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The U.S. just dumped Alibaba back on its ‘notorious’ counterfeit markets blacklist

It’s a real setback for the Chinese e-commerce giant.

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Jason Del Rey has been a business journalist for 15 years and has covered Amazon, Walmart, and the e-commerce industry for the last decade. He was a senior correspondent at Vox.

Alibaba continues to argue that it is going to great lengths to curb the sale of counterfeit goods on its giant Taobao online marketplace. But those efforts are still apparently not enough for the U.S. government.

On Wednesday, the Office of the United States Trade Representative dumped Alibaba back on its Notorious Markets List, which “highlights prominent online and physical marketplaces that reportedly engage in and facilitate substantial copyright piracy and trademark counterfeiting.” This comes four years after the USTR had removed the Chinese e-commerce company from the list after it made some progress in combating fakes.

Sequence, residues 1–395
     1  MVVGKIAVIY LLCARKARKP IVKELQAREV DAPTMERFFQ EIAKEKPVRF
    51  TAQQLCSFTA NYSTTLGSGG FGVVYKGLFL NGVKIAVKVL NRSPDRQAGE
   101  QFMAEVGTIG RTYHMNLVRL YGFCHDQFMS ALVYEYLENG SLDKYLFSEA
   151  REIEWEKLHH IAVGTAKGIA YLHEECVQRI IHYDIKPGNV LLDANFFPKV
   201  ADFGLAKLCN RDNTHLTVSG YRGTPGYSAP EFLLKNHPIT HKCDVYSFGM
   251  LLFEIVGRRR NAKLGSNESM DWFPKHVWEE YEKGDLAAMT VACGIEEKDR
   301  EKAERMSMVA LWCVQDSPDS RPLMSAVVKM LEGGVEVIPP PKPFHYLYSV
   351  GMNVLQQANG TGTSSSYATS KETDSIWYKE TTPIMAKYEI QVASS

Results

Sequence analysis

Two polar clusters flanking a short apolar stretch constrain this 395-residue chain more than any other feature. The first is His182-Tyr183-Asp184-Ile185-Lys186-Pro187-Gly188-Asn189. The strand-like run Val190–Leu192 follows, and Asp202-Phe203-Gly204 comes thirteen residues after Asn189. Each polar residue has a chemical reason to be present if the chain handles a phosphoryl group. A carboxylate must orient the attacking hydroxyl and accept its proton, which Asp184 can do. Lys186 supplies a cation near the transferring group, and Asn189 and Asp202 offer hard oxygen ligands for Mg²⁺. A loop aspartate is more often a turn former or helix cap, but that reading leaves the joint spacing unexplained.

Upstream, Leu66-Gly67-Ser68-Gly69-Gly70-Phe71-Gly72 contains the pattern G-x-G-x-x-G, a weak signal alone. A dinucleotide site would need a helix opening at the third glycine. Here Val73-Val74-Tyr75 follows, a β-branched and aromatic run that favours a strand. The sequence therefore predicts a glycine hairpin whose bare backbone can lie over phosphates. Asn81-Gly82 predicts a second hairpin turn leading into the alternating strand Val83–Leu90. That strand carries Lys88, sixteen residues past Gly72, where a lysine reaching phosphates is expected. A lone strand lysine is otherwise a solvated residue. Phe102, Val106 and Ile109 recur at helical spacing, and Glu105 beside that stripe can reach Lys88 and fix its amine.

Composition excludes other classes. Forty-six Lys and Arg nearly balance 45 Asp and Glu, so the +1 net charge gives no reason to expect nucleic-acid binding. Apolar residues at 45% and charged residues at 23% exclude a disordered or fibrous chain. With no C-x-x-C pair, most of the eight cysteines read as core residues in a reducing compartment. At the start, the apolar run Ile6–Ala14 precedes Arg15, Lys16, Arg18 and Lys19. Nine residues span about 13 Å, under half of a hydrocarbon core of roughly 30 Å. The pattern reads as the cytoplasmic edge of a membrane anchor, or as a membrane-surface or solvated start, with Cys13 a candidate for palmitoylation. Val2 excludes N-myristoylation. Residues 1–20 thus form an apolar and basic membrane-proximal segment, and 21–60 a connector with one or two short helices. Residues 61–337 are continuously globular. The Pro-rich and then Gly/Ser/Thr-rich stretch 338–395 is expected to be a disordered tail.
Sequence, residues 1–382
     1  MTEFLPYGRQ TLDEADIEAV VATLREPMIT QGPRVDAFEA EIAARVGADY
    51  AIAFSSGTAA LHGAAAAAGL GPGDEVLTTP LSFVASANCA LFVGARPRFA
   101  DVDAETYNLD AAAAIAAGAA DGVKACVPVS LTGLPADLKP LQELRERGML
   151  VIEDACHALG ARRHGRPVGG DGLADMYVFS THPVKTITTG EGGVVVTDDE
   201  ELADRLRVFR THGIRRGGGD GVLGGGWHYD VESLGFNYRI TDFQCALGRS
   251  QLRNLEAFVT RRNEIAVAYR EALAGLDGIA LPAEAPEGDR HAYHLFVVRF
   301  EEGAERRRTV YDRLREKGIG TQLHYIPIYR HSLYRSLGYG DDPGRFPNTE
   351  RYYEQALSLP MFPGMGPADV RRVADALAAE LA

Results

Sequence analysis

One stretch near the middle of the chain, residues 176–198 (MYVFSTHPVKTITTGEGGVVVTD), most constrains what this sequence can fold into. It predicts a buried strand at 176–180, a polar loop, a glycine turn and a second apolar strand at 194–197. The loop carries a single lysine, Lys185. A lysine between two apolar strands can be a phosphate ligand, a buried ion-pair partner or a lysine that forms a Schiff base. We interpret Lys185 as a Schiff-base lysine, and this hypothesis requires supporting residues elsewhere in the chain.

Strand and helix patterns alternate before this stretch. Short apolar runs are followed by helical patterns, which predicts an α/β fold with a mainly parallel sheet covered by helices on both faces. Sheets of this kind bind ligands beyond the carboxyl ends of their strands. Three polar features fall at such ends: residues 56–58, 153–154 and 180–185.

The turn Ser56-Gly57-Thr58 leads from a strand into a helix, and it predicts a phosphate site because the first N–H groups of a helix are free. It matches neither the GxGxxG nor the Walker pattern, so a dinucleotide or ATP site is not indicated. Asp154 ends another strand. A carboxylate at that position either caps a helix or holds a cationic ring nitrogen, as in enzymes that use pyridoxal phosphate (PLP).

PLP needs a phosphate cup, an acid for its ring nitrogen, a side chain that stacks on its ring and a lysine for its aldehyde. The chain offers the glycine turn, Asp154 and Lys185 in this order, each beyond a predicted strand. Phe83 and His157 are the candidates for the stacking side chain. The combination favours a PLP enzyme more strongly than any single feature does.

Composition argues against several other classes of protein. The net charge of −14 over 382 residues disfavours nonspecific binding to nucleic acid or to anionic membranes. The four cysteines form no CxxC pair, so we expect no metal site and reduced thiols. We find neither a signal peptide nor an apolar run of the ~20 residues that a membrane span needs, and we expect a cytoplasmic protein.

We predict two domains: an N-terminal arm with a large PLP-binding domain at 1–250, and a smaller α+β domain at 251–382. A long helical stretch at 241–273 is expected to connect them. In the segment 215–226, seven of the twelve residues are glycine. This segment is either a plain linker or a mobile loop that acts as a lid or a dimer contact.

“Right holders in the United States and internationally continue to report serious challenges to reducing high levels of counterfeit and pirated goods on Taobao,” the report reads. “Longstanding obstacles to understanding and utilizing basic IP enforcement procedures continue unabated.”

For Alibaba, the re-listing is a setback, as the $200 billion company continues to court Western brands to sell wares on its shopping platforms. In a statement, Alibaba Group President Mike Evans said the company was “very disappointed” by the decision and questioned whether it was “influenced by the current political climate” in the U.S., where President-elect Donald Trump has already taken a hard stance against the country’s current trade relationship with China.

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